Hard soiled hearts have to break in so many places to allow them to be vulnerable to the seed and sun and rain God has for them.

We cannot tell good stories unless we’re willing to face our hardness.

As a kid, I responded to being an actual, real-life Ferdinand (the bull who preferred to sit alone and smell flowers) with deep cynicism and sarcasm. Oh yes, you’d better believe I could do sarcasm as an eight-year-old. I didn’t get this good without years of practice. Also, I learned years later the secrets of the INFJ door slam. (“It’s been said that when INFJs get hurt or angry, they don’t hate you, they nothing you.”) 

I pushed others away before they could declare me too weird for words and push me away. Rejection as as preemptive social strike. I wasn’t very big or very popular, but I was strategic enough to know good warfare tactics.

Except human community is not built on warfare models.

When I started to face the reasons I lacked friends, the reasons behind why I reacted defensively and rejected others first, I began to heal and dip my toes in the open water of vulnerability. I learned to go first in bridge-building. I discovered that other people were just as afraid as I was. I allowed others to see between the chain mail loops about my heart.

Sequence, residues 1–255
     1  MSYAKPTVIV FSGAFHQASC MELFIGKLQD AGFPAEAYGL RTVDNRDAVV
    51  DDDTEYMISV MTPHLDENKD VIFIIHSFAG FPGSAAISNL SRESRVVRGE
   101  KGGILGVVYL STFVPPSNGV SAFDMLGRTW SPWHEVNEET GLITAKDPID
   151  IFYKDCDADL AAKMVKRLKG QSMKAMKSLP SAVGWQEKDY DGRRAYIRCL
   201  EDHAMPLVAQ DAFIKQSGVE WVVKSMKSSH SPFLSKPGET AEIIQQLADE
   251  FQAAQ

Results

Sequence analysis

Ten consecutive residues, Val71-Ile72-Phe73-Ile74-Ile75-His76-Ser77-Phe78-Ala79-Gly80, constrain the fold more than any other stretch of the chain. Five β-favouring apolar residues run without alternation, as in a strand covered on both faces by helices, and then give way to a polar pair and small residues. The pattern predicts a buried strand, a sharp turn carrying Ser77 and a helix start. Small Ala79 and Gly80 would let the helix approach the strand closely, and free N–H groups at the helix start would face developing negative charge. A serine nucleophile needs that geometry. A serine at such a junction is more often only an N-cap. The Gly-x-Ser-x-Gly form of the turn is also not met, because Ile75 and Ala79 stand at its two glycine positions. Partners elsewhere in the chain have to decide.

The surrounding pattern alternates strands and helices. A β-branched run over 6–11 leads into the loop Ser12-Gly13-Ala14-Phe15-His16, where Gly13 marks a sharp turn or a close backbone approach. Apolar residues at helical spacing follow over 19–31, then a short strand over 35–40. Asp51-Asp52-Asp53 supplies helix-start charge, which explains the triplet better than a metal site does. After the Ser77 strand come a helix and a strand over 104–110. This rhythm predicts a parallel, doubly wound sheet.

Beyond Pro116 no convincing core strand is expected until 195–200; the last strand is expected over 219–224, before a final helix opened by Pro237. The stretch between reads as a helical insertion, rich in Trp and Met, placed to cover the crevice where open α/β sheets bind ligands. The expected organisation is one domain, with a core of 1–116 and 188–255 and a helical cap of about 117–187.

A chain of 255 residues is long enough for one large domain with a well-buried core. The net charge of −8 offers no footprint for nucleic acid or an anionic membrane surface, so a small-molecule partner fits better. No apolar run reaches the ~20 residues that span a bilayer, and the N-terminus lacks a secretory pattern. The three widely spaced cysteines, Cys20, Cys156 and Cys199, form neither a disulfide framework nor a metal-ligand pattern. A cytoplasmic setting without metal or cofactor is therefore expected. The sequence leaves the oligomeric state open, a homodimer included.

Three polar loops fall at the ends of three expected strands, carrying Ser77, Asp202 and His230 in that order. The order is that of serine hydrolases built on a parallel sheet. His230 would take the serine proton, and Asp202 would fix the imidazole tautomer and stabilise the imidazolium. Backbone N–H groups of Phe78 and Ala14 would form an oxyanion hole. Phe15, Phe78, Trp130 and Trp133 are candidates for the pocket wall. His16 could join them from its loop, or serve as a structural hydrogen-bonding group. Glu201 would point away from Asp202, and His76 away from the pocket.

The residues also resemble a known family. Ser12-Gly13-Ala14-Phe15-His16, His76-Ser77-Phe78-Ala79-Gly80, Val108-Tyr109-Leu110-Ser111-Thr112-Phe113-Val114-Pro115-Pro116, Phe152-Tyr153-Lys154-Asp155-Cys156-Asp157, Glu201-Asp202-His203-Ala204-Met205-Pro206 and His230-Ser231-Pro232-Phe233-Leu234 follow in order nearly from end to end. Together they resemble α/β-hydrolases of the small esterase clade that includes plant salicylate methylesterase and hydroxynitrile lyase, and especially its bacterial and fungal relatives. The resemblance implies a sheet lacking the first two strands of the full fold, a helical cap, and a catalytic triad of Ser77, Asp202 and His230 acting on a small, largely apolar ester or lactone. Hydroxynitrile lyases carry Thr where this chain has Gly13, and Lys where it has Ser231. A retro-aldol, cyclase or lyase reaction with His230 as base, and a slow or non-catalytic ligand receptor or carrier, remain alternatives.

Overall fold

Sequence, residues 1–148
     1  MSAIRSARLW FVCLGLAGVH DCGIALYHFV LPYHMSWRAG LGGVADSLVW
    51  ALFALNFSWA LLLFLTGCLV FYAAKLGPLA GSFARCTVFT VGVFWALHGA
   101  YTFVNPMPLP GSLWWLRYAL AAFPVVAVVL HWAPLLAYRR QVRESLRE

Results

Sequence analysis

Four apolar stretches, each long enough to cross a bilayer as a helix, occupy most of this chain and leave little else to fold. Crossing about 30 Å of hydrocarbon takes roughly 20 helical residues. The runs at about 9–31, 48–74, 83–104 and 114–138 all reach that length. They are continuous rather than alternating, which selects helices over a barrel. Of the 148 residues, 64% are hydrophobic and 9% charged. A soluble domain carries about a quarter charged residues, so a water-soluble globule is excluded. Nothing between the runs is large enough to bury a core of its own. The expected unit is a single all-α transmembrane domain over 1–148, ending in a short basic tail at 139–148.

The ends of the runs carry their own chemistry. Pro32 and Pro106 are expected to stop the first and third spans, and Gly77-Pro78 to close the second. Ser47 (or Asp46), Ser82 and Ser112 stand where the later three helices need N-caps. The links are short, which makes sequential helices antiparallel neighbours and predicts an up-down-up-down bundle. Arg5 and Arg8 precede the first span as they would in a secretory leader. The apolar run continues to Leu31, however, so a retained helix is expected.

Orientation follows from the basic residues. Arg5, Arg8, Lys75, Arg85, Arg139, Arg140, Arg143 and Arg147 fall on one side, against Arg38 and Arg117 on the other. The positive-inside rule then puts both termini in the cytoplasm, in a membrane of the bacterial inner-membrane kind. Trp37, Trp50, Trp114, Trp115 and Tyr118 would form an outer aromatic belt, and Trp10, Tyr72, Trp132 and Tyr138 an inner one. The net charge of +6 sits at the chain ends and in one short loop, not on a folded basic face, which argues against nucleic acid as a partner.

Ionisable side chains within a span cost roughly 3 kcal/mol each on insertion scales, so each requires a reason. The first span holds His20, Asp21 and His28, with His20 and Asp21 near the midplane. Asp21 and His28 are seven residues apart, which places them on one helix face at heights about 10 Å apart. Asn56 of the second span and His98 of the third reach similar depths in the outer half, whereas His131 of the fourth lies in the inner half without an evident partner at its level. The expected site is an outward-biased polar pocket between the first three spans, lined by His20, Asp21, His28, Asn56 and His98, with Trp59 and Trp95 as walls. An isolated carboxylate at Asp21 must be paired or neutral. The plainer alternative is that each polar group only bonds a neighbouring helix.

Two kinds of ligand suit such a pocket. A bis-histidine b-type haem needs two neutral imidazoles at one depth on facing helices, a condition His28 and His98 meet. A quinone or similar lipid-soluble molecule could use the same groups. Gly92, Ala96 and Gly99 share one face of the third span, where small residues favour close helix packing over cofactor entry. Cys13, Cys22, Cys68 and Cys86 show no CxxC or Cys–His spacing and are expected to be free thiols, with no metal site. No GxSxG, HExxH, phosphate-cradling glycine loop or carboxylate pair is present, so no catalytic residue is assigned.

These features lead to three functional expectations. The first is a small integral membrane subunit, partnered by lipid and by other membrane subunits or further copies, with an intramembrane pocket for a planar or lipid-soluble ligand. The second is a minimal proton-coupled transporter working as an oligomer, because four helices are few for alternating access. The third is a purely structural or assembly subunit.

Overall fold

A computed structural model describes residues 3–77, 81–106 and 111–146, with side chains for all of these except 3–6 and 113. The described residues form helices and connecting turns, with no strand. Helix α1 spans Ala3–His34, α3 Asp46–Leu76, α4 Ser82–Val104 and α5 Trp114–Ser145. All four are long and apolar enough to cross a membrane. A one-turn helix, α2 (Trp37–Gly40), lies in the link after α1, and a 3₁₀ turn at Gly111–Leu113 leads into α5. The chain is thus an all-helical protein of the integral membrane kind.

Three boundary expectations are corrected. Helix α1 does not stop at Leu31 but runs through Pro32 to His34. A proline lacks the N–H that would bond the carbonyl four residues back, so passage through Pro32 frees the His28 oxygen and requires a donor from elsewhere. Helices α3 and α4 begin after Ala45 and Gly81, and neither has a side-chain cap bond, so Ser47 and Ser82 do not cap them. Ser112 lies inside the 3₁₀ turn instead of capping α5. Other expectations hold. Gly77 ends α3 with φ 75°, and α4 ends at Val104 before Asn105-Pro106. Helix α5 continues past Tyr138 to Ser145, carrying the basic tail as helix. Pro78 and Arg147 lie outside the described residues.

I got hurt. But it didn’t kill me, and I found it was better than being hard.

Jesus’ words can’t enter a heart that’s defending itself from invasion. His pleas that we put others above ourselves, show mercy as our default, forgive completely, ask forgiveness, and start over—they can’t find fertile ground in hard hearts that won’t yield to the soft foot of understanding. We have no worthwhile story to tell without vulnerable hearts.